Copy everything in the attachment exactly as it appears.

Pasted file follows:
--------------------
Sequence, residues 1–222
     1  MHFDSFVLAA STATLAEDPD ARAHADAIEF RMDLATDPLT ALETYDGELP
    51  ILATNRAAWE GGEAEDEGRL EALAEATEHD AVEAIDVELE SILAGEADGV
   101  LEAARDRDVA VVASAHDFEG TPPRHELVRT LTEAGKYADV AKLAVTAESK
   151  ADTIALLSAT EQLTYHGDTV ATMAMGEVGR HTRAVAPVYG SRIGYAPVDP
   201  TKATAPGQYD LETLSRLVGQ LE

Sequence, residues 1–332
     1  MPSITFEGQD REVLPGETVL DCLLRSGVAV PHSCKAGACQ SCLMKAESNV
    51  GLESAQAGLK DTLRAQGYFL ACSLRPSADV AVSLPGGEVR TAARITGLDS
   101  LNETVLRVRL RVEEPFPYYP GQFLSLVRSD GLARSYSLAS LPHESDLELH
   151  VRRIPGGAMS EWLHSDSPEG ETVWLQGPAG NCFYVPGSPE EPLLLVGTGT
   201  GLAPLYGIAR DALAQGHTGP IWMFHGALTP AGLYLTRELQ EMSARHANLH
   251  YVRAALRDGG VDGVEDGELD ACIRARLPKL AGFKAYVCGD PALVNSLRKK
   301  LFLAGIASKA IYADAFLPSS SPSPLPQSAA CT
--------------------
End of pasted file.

Sequence, residues 1–222
     1  MHFDSFVLAA STATLAEDPD ARAHADAIEF RMDLATDPLT ALETYDGELP
    51  ILATNRAAWE GGEAEDEGRL EALAEATEHD AVEAIDVELE SILAGEADGV
   101  LEAARDRDVA VVASAHDFEG TPPRHELVRT LTEAGKYADV AKLAVTAESK
   151  ADTIALLSAT EQLTYHGDTV ATMAMGEVGR HTRAVAPVYG SRIGYAPVDP
   201  TKATAPGQYD LETLSRLVGQ LE

Sequence, residues 1–332
     1  MPSITFEGQD REVLPGETVL DCLLRSGVAV PHSCKAGACQ SCLMKAESNV
    51  GLESAQAGLK DTLRAQGYFL ACSLRPSADV AVSLPGGEVR TAARITGLDS
   101  LNETVLRVRL RVEEPFPYYP GQFLSLVRSD GLARSYSLAS LPHESDLELH
   151  VRRIPGGAMS EWLHSDSPEG ETVWLQGPAG NCFYVPGSPE EPLLLVGTGT
   201  GLAPLYGIAR DALAQGHTGP IWMFHGALTP AGLYLTRELQ EMSARHANLH
   251  YVRAALRDGG VDGVEDGELD ACIRARLPKL AGFKAYVCGD PALVNSLRKK
   301  LFLAGIASKA IYADAFLPSS SPSPLPQSAA CT